The Lethbridge Herald
Special 7, Saturday, March 20, 2004, p. c1

Paying for drugs beats paying a higher price

Gallant, Sherri


Lethbridge Herald

A well-known former Lethbridge man who has schizophrenia says compulsory
treatment orders for people with mental illness are not the right choice to
protect the public.

"Whether you have those orders or not, you need to have more investment in
the community," says Austin Mardon, a geographer and author now living in
Edmonton. "They just won't work."

News reports on the Feb. 28 death of Spruce Grove RCMP officer Jim Galloway
say he was shot by Martin Ostopovich, a schizophrenic who wasn't taking
medication because he couldn't afford it. Ostopovich was shot dead by RCMP

"That fellow in Spruce Grove, that's not a problem that a compulsory order
would treat," Mardon says. "It's a problem with the mental health support
system. If his medication was paid for, perhaps he could have been
stabilized in the community, and while the drugs are expensive, there would
have been savings to the criminal justice system."

Mardon was diagnosed with schizophrenia in 1992 at age 30 when a psychotic
episode landed him in an Edmonton emergency ward. Before that, he was an
Antarctic explorer; a geographer with numerous awards and publications to
his credit.

Since then, there's little of his life that resembles what it was. Mardon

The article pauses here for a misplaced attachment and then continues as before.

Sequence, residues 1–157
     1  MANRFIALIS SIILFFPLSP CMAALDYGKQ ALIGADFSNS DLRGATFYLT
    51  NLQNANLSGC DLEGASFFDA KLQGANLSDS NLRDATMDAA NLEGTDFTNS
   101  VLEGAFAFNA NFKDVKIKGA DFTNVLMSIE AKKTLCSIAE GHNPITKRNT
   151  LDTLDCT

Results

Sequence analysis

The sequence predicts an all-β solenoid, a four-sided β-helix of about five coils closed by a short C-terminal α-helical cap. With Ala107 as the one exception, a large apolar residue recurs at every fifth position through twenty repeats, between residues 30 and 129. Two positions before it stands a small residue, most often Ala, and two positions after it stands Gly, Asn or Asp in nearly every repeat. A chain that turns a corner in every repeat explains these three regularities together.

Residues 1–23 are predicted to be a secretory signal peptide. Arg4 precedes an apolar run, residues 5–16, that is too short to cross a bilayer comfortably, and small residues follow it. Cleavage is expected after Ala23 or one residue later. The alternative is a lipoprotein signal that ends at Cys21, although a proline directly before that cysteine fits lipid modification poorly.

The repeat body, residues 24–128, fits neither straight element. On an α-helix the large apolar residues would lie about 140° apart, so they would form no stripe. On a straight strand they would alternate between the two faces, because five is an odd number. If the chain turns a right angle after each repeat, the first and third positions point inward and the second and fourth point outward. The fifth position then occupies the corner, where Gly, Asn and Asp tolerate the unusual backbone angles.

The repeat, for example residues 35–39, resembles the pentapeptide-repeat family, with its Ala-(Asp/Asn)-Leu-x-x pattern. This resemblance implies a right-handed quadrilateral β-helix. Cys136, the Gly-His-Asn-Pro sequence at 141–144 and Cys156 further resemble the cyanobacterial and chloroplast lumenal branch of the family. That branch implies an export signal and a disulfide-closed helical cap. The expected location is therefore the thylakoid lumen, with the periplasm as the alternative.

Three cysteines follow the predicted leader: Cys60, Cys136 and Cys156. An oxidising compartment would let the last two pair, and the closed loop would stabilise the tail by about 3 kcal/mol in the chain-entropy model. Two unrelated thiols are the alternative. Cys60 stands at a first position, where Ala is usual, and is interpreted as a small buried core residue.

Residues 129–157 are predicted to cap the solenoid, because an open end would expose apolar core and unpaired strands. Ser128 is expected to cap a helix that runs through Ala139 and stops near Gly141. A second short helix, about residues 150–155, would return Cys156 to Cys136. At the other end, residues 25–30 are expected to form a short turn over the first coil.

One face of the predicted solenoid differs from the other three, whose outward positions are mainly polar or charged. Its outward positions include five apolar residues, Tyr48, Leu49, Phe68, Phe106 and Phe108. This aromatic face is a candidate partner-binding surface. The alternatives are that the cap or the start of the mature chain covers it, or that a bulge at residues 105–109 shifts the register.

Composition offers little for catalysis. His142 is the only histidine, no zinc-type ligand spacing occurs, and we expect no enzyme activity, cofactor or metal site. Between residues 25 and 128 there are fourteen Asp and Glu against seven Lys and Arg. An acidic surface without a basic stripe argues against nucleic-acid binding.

takes medication with debilitating side effects, even though it's considered
more tolerable than earlier anti-psychotics.

Mardon gained 120 pounds on Zyprexa. Doctors encourage physical activity,
but he's too tired most days to consider it.

"I must sleep at least 10 to 12 hours a night because of the effects of the
medication and the illness, and that's a handicap as far as working a
full-time job with overtime hours.

"My stress threshold is less than it used to be, and I can't concentrate
enough to sustain full-time work, only part-time work."

When Mardon shares what it's like to have schizophrenia, it's a rare
opportunity to see inside a brain gone awry.

His openness about the disease and the side-effects of medication - his
frank disclosure about the stigma, the loneliness and economic devastation -
is refreshing. He talks and writes and does what he can to raise awareness,
working for the Alberta Mental Health Self-Help Network.

The memory of Austin's psychotic episode returns when something like the
Ostopovich incident brings the ugly side of mental illness to the public

"I'm a great believer in Tasers," Mardon says. "You can shoot them from 20
feet away. I believe Tasers should be standard equipment in every police
cruiser, because they provide an extra step between pepper spray and

While the Ostopovich case would not have lent itself to Tasers, a provincial
drug program might have prevented the crisis, Mardon feels.

"People think it's going to be expensive, but it's a matter of it coming
from one department and saving other departments money. When you're talking
about two pills costing $800 a month it seems like a lot."

For more information on the Self Help Network, visit

Category: News
Uniform subject(s): Diseases, therapy and prevention; Laws and regulations
Length: Medium, 414 words

Doc. : news·20040320·LH·015032004_1Mardon_1schizphre

Austin Mardon, CM
Telephone: 1-780-378-0063
Post Office Box 1223, Main Post Office,
Edmonton, Alberta, CANADA,
T5J 2M4
Web site: